interoccipital suture was therefore continuous anteriorly with
the circumtemporal suture and posteriorly with the superior
margin of foramen magnum. These three areas, the free
margin of the occipital bone forming the superior margin
of foramen magnum, the interoccipital suture and the circumtemporal suture thus formed a continuous site of growth at
the side and back of the cranial vault. This complex ran
paralclel to the dorsal aspect of the cranial vault and growth
at these sites contributed the major portion of the increase
in vault height.
Increase in thickness of rault bones
Growth om ectocranial and endocranial s t i r f o w s . Increase
in the thickness of the vault bones was accomplished by the
deposition of hone upon the wto- and endocranial surfaces.
The red staining was readily seen upon both the ecto- and
endocranial surfaces in all animals ZPSS thaiz 70 days of agqc.
The red staining was especially vivid upon the endocranial
surface. Sections cut through the vault and examined under
low power showed a virid staining of the endocranial snrface
of the inner table and of the diploe. There was only mild staining on the ectocranial surface of the outer table. These findings
do not agree with those of Brash ('34) w110 found, in the
pig, new bone growth on the ectocranial surface with resorptions of the endocranial surface.
After the 70th day of age, the red staininq was confined
to only certain areas on the ectocranial surfaces: the area
over the frontal sinuses ; the frontonasal suture ; the temoral crest and circumtemporal. suture complex ; the nuchal
area of muscular attachments and the zygomatic arch. These
sites of growth persisted up to (and probably beyond) 300
days of age.
G R O W T H O F CRAR-IAL VAULT O F IlAT
Rates
a i d chroieology
91
of growth
The absolute rates of growth a t the various sites of growth
studied a re tabulated in table 1. I n all cases the rate of
growth was most rapid a t birth and decreased markedly
with age (age gradient).
The relati~t:rates of growth at the different sntures are
perhaps of greater interest than a re the absolute rates since
these a r e responsible f o r the changes in proportions that
characterize development.
Sagittal complex; (&wrease in cmnial t d t h ) . F rom table 1
it can be seen that the sagittal complex of sntures grew very
slowly and only for a short period of time. Growth at the
internasal. and the interfrontal ( o r metopic) portions was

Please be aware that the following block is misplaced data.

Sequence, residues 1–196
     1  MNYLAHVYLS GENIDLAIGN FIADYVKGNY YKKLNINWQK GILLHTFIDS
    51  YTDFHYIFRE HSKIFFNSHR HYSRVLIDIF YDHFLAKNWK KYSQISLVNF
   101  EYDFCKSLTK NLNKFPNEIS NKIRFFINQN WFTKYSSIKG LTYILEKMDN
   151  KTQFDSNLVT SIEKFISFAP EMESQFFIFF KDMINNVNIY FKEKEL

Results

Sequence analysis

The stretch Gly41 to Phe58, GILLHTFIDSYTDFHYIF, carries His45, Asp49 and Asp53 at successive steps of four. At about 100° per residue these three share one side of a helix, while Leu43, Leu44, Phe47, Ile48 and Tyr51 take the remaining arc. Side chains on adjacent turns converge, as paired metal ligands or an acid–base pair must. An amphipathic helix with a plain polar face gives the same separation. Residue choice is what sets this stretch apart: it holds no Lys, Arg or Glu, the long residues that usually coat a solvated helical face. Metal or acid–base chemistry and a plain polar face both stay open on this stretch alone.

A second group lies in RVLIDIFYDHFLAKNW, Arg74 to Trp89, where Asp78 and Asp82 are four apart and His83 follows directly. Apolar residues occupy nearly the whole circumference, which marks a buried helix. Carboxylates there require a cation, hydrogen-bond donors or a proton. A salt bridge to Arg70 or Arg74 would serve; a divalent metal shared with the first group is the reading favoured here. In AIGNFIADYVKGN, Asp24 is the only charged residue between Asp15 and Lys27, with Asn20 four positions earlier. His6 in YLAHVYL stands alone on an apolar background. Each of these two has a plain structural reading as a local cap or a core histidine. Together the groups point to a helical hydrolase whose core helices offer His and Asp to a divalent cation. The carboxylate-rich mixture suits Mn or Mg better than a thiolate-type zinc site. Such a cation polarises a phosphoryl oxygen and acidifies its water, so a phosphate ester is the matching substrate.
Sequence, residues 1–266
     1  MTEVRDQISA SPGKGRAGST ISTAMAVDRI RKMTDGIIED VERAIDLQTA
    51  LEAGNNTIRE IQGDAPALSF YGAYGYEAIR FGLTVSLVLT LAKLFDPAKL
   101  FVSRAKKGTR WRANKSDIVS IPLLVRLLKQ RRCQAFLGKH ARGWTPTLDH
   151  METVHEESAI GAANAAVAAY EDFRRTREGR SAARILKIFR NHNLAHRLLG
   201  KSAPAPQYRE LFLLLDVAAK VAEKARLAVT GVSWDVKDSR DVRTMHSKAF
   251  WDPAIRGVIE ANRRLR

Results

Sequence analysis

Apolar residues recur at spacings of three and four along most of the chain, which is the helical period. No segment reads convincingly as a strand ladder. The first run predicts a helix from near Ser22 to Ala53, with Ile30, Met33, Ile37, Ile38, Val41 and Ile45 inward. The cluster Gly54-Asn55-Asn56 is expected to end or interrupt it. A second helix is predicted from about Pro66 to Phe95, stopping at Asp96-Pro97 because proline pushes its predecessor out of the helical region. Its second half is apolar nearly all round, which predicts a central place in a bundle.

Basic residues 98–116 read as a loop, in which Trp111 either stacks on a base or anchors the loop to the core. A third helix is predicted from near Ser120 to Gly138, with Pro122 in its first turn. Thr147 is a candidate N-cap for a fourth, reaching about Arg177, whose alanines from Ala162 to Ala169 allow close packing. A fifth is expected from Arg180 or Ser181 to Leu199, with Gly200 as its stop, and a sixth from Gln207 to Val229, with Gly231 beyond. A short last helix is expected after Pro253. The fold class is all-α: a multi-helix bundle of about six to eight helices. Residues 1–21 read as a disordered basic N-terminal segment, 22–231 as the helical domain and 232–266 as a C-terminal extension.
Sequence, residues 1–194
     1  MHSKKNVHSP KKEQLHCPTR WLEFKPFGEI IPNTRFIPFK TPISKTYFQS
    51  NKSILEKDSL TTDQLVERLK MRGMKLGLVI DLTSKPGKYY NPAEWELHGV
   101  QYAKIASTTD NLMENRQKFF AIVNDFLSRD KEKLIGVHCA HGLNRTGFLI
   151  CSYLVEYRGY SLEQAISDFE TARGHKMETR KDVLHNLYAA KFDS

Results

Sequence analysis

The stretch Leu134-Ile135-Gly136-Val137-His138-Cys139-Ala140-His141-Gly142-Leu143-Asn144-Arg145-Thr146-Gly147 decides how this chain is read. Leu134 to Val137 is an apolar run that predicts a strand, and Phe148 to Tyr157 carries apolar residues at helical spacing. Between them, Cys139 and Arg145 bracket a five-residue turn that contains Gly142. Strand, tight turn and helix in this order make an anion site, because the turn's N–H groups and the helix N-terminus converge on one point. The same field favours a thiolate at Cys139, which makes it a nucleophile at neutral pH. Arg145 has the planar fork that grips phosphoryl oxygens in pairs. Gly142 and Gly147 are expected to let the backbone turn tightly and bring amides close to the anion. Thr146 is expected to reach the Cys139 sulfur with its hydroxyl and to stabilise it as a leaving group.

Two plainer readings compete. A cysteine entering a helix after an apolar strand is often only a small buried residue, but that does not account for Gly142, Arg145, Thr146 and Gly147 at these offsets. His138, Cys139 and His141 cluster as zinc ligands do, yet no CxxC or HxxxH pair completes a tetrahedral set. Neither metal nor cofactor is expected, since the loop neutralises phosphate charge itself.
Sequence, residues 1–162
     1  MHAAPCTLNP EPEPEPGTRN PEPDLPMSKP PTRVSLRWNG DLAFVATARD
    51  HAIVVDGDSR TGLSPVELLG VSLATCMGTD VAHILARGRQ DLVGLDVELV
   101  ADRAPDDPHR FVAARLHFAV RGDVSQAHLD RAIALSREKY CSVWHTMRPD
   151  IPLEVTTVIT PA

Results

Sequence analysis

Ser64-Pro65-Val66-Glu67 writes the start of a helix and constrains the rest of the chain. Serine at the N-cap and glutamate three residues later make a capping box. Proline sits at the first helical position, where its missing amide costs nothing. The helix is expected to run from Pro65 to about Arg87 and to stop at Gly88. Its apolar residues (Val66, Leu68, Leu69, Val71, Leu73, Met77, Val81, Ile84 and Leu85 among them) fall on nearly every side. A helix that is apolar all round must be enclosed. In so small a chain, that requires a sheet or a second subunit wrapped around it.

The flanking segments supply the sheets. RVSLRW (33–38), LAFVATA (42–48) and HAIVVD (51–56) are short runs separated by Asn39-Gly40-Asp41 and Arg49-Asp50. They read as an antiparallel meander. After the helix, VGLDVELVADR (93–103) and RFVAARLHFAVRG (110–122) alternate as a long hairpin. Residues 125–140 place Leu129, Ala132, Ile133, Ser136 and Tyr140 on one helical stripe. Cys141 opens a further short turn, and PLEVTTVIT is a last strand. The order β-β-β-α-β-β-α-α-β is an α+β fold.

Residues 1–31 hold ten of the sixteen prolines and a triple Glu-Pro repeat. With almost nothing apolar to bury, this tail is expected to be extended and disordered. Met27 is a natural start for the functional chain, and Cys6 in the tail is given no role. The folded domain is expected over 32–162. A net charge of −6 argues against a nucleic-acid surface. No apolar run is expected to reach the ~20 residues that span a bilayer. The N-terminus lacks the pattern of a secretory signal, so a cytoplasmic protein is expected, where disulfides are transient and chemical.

completed b p the 3rd and 10th days of age, respectively
(tables 1 and 2). The sagittal suture proper grew a little
more rapidly and f o r a longer time, growth beinq completed
at this site by the 20th dav of age (tables 1 and 2).
Since the sagittal compkx of sutures contributed to skull
width, it can be sccn that nasal width was completed by the
third day and miii;mal bifrontal width was virtually completed hp the 10th d a r , while the maximal cranial width (or
bitemporal-crest distance) was attained by the 20th day.
Coronal a i d larnhcloidal sutures (increase i n c r a n i a l k n g t h ) .
The sutures which contributed to the increase in cranial length
grew more rapidly and for a longer period of time than did
the sutures which contributed to the growth in width. The
coronal and lambdoidal sutures not only grew a t a more
rapid rate than did the sagittal sutures, but growth at these
sites persisted f o r a longer time -until the 40th day of age.
Maximal vault width was virtually completed by the 20th
day of life while the increase in vault length ~ - a snot completed until the 40th day. I n addition, growth in length was
accomplished a t tliree sites (coronal, anterior and posterior
l~ambdoidalsutiires), while growth in width occurred a t only
a sincle site (sagittal sutures). These thrcc factors (greater
rate of growth, longer duration, larger number of growth
92
M A U R Y MASSLER A N D ISAAC S C H O U R
sites) readily explained how the round head of the new-born
rat became the elongated tennis racket-shaped head of the
adult rat (fig. 3 ) .
Frolztoiaasnl suture and anterior m a r g i ~of t k e WLSXZE bories
( i m w a s e i j z nasa.Z length). Growth a t the anterior and posterior (frontonasal) margins of the nasal bones was very
rapid and resulted in a marked and rapid increase in the
TABLE 2
Sites and chronology of poslnatal growth of bone in the cranial vault
and snout of the albino rat
AGE A T WHICH
GROWTH CEASES
1. lnerease in width
IT.
-
Sagittal coniplex of sutures
1. Internasal suture
2. Metopic (interfrontal) suture
3. Sagittal suture
lnerease in length (A)
3 days
10 days
20 days
Cranial vault
1. Coronal suture
2. Anterior lambdoidal
suture
3. Posterior lambdoidal
suture
(B)
Circa
30 days
30-40 days
25-30 days
Snout
1. Anterior margin of
nasal bone
2. Frontonasal suture
Circa 70 days
Active after
300 days
111. Increase in height -
1. Superior margin of
foramen magnum
2. Interorcipital suture